March 15 Energy News

March 15, 2015

Opinion:

¶ “Crony Biofuel Politics Wag the Dog” – Failure to back the Renewable Fuel Standards means sayonara to any White House hopes, candidates campaigning in Iowa were told. Appropriately chastened, many normally free market proponents dutifully took to the podium to endorse the mandates. [Eurasia Review]

Science and Technology:

¶ Traditionally, the electricity grid has relied upon dirty “peaker” power plants to balance the load during periods when electricity demand exceeds supply. Today, technology is available that can help fill the need for these peaker plants. This technology, also known as demand-side resources. [Energy Collective]

a1 Have-a-sunny-day

World:

¶ Siemens and the Egyptian government have reached firm agreements to build a 4.4-GW combined-cycle power plant and install wind power capacity of 2 GW. Siemens will build a factory in Egypt to make rotor blades for wind turbines, creating up to 1,000 jobs and nearly trebling Siemens’ footprint in the country. [Utilities-ME.com]

¶ The second day of Egypt’s Economic Development Conference saw the country sign agreements and memoranda of understanding with international companies worth $158 billion. Most of the deals signed on Saturday were concentrated in the field of energy, reaching over $30 billion worth of investment. [Egyptian Streets]

¶ India’s target of coal production for the next fiscal year is estimated to be 700 million tonnes. This production target could be considered India’s biggest annual output growth in Coal. Targets are not always met. The country’s the coal output in the current fiscal may be lower than the target of 630.25 million tonnes. [SteelGuru]

¶ Tens of thousands of people opposed to nuclear energy yesterday gathered in Taiwan in antinuclear parades and rallies, joining an alliance of civic groups to raise awareness about perceived problems with the nation’s nuclear policies. Protesters held banners bearing such messages as “Nuclear Energy RIP.” [Taipei Times]

A solar-powered vehicle from National Kaohsiung University of Applied Sciences leads an antinuclear energy protest in Kaohsiung. Photo: Ke Yu-hao, Taipei Times

A solar-powered vehicle from National Kaohsiung University of Applied Sciences leads an antinuclear energy protest in Kaohsiung. Photo: Ke Yu-hao, Taipei Times

US:

¶ Three years ago, the nation’s top utility executives gathered at a Colorado resort to hear warnings that solar panels posed a grave new threat to operators of America’s electric grid. Now, the industry and its fossil-fuel supporters are waging a determined campaign to stop a home-solar insurgency. [Buffalo News]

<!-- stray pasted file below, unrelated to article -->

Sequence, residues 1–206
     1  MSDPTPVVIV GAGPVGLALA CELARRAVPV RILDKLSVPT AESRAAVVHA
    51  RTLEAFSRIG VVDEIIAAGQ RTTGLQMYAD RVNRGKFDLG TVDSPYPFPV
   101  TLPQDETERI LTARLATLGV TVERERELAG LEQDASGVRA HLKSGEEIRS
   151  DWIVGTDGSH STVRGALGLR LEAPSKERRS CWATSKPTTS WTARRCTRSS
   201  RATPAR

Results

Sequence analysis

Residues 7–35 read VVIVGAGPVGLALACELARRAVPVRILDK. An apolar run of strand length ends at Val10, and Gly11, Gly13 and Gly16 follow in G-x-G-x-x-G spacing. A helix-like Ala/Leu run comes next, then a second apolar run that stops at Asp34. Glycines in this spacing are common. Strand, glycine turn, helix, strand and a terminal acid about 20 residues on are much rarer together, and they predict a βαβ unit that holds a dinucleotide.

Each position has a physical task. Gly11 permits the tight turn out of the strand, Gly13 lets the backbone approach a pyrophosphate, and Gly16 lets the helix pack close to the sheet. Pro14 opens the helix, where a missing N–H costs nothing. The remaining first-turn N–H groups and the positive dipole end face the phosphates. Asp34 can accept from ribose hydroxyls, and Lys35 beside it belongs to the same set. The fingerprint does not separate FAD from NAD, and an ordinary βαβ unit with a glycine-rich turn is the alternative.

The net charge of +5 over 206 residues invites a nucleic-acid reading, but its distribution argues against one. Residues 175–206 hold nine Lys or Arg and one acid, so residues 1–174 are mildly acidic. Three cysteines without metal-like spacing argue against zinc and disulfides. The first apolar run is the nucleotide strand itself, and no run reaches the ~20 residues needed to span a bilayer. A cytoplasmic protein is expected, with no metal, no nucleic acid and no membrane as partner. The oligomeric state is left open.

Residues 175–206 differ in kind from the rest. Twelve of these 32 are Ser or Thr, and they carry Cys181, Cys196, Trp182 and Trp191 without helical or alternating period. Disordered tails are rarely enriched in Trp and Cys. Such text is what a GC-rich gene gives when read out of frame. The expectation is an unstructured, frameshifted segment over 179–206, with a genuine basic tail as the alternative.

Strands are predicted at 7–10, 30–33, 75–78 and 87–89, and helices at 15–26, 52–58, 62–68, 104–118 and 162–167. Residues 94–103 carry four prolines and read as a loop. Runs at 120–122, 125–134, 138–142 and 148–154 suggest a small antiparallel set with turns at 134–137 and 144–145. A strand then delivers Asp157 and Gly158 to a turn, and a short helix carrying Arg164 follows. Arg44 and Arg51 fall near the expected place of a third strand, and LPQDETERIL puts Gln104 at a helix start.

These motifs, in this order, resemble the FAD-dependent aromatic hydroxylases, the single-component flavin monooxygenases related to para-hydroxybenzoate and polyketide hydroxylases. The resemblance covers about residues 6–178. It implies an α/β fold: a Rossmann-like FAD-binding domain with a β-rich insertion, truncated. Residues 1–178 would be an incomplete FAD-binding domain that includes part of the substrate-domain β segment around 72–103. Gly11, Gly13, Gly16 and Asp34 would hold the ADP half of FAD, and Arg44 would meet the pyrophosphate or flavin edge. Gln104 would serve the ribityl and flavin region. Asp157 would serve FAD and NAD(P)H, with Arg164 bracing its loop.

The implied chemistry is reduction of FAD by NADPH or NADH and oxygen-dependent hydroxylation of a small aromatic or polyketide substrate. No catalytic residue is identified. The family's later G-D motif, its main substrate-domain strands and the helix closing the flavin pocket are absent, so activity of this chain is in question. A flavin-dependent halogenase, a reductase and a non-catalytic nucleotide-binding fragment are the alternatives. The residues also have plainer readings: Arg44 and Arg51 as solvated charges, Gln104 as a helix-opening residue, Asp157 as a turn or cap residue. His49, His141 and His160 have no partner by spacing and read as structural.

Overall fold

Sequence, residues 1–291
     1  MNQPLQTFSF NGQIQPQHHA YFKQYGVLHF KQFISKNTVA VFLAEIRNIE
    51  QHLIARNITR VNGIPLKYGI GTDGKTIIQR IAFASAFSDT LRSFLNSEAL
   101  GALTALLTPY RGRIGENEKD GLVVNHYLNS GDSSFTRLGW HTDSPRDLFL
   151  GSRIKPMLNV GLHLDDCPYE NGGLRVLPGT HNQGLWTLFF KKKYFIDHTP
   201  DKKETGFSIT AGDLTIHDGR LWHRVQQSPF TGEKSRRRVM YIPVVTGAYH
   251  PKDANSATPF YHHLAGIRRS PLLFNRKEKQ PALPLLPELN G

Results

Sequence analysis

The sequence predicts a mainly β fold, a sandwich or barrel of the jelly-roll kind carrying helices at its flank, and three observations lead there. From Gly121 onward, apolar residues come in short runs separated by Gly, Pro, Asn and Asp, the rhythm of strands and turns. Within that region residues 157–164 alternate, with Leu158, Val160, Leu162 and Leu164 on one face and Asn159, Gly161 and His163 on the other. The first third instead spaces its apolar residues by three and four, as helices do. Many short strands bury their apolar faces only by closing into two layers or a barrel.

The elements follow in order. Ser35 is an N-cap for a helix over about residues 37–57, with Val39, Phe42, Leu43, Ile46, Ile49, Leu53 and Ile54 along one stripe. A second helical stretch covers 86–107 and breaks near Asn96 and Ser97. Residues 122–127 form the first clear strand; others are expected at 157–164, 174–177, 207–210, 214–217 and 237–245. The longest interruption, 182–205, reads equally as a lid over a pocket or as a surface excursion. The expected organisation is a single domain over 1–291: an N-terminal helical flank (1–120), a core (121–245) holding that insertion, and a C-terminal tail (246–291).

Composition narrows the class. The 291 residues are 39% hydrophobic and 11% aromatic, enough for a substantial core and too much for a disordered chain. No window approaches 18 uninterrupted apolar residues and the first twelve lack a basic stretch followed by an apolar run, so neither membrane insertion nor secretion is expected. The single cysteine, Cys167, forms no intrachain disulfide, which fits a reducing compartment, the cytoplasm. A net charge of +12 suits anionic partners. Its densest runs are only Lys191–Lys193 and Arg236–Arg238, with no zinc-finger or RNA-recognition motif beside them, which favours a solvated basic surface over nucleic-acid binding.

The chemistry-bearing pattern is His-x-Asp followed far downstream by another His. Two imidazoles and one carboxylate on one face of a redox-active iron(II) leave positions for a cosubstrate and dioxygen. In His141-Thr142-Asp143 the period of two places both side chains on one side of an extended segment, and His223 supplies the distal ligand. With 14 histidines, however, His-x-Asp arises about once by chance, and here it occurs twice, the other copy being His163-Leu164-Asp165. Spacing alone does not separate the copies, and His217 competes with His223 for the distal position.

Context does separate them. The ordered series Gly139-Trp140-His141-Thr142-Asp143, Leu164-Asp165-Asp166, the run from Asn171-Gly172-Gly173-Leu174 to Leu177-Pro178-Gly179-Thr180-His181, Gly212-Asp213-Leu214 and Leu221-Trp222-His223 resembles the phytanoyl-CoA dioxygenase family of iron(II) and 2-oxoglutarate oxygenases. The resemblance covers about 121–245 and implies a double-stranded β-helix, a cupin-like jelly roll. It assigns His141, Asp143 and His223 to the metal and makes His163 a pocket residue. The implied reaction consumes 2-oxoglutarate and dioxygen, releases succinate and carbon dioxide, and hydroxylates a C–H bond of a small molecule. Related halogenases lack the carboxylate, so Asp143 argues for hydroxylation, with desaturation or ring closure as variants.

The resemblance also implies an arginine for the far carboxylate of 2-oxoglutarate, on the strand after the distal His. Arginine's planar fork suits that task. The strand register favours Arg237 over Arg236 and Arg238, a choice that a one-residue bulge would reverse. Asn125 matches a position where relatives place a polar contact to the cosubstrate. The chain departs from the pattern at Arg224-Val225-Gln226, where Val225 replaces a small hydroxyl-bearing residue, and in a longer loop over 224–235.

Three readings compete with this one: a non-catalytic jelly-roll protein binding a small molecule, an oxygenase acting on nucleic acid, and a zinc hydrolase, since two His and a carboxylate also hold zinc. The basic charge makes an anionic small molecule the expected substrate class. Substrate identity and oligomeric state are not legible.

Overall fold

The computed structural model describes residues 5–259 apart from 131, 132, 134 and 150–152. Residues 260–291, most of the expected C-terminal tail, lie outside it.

¶ The largest anaerobic digester in Maine, built three years ago, is among the largest in the United States. It produces enough electricity to power all the homes in a town the size of Boothbay Harbor. Its owners are planning to build a new bio-digester three times as big, to consume 50,000 tons of waste each year. [Press Herald]

¶ Marin Clean Energy, a California-based Community Choice Aggregation program, has signed a new $20 million contract with Calpine Corp that will further reduce the carbon emissions produced by the electricity it sells to its customers. Marin Clean Energy will optionally buy 10 MW to 15 MW. [Marin Independent Journal]

¶ Columbia, Missouri, has an electric system in need of more power. How to best pay for it is the question. Bond issue or drastic rate increase? If it passes, city utility customers would see a 6 percent rate increase over three years. If it fails, rates could rise 20% to 25% to pay for the projects the bond would have funded. [Columbia Missourian]

Electricity travels through distribution lines along Peabody Road on Thursday. Columbia Water and Light operates 70 miles of transmission lines throughout the city, according to the department's website.   |  Jenny Justus

Columbia Water and Light operates 70 miles of transmission lines throughout the city, according to the department’s website. Photo by Jenny Justus

¶ North Carolina’s environmental regulators put business first and the environment second, state Representative Rick Glazier said in a speech. The Department of Environment and Natural Resources and Department of Commerce are supposed to work together to protect the environment as business grows. [Fayetteville Observer]

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